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First-Principles Study of Frequency-Dependent Resonant Raman Scattering

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A resonance phenomenon appears in the Raman response when the exciting light has frequency close to electronic transitions. Unlike for molecules and for graphene, the theoretical prediction of such frequency-dependent Raman response of crystalline systems has remained a challenge. Indeed, many Raman intensity first-principle calculations are nowadays done at vanishing light frequency, using static Density-Functional Perturbation Theory, thus neglecting the frequency dependence and excitonic effects.

During this presentation, I will describe the finite-difference method we propose to compute frequency-dependent Raman intensities.

Recently, we used this methodology for the computation of the first-order frequency-dependent Raman intensity [1], with excitonic effects described by the Bethe-Salpeter equation. We found these to be crucial for the accurate description of the experimental enhancement for laser photon energies around the gap.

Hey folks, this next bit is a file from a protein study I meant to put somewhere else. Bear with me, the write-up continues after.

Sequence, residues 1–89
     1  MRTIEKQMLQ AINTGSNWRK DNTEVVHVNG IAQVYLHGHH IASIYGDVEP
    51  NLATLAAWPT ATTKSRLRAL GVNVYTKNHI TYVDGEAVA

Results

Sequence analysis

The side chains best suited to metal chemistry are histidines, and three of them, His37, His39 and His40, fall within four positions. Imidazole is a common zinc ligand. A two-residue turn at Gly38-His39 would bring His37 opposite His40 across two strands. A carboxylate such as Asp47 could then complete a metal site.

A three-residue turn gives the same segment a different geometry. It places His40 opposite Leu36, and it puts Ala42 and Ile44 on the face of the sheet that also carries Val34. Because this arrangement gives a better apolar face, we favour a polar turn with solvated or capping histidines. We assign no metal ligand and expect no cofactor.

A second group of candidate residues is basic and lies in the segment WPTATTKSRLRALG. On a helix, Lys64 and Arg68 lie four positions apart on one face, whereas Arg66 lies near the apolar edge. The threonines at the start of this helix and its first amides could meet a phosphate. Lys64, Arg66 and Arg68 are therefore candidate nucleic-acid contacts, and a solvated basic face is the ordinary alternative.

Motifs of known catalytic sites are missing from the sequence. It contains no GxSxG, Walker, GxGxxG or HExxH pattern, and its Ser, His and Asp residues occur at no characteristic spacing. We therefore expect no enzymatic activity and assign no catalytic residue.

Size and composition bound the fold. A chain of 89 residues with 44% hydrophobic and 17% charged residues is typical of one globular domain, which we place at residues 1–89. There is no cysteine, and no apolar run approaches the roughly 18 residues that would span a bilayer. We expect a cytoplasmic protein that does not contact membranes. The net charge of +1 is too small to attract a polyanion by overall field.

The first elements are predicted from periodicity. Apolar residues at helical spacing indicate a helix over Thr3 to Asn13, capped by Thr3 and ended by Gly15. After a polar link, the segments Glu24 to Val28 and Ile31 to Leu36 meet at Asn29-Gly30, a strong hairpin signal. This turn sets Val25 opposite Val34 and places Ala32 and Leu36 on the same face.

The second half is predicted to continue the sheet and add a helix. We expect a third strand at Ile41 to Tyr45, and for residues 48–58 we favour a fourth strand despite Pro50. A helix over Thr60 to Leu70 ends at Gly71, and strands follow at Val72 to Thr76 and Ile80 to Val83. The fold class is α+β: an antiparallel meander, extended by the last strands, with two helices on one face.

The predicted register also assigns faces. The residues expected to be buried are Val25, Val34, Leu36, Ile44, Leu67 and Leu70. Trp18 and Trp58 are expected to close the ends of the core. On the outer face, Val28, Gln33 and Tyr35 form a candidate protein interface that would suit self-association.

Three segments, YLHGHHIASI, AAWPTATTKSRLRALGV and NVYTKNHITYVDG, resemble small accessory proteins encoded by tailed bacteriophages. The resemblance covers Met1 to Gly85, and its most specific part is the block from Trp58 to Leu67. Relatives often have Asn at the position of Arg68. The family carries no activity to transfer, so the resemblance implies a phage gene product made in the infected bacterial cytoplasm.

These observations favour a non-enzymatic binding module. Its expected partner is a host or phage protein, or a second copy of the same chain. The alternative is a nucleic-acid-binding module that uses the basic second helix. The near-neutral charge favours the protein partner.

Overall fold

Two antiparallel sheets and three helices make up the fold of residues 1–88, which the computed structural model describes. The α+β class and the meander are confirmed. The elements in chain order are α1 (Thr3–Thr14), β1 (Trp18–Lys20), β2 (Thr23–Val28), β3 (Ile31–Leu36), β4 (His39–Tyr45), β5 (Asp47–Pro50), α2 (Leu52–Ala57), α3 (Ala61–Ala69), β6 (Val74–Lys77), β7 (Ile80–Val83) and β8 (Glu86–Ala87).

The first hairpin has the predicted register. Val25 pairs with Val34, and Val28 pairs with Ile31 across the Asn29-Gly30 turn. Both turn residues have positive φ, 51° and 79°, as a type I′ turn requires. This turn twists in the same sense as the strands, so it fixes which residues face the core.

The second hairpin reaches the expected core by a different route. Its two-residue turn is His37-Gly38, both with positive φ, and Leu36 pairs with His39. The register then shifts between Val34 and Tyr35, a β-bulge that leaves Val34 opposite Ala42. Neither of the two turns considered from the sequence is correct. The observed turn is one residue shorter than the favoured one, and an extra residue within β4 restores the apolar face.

This approach can be generalized to the more complex second-order Raman intensity, with phonon losses coming from the entire Brillouin zone. Interestingly, even without excitonic effects, one is able to capture the main relative changes in the frequency-dependent Raman spectrum of silicon at fixed laser frequencies. However, excitonic effects might affect significantly the intensity of specific modes and also lead to a global tenfold increase of absolute intensities.

[1] Y. Gillet, M. Giantomassi, X. Gonze, Phys. Rev. B 88 , 094305 (2013).

This talk is part of the Theory of Condensed Matter series.

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